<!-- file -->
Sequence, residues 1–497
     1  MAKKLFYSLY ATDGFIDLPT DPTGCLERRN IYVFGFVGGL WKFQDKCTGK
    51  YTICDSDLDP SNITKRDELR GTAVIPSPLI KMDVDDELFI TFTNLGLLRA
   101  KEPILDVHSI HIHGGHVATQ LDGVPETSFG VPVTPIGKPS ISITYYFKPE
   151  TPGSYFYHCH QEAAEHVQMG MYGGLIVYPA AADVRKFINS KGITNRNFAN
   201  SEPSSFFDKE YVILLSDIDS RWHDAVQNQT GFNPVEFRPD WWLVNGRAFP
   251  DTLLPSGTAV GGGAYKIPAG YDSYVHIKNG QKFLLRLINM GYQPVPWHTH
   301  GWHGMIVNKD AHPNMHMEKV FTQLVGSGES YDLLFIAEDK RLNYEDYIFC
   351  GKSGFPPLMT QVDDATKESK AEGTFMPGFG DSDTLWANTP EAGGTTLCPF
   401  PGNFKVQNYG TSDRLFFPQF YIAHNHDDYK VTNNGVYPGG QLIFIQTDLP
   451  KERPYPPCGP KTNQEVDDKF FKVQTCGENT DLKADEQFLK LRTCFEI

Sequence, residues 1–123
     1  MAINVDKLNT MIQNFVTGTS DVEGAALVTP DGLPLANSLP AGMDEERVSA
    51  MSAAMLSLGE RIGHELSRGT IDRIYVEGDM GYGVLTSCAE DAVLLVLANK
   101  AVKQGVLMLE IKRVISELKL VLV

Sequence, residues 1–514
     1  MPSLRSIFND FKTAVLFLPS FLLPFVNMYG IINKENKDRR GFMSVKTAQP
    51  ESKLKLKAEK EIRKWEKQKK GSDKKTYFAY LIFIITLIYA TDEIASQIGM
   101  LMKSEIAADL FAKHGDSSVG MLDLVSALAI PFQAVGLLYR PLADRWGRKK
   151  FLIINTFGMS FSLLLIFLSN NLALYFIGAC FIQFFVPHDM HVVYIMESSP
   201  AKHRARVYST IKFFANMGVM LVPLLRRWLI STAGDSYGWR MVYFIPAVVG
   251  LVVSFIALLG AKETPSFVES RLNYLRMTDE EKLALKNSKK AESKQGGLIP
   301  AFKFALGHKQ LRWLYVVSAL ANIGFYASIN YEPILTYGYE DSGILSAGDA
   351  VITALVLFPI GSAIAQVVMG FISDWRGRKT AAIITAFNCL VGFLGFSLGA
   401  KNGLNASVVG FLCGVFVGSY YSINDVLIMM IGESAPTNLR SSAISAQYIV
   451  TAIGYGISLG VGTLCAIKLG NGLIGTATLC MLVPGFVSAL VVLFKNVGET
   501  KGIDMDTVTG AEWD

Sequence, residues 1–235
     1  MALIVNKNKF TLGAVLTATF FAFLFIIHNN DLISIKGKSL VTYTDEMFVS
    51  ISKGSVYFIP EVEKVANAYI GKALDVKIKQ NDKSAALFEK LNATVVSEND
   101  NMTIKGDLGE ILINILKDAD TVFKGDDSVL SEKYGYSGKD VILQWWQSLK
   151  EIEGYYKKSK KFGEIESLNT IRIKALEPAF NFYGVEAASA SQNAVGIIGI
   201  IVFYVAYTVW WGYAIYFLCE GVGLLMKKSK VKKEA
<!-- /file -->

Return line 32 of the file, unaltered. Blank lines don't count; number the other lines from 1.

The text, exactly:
   151  EIEGYYKKSK KFGEIESLNT IRIKALEPAF NFYGVEAASA SQNAVGIIGI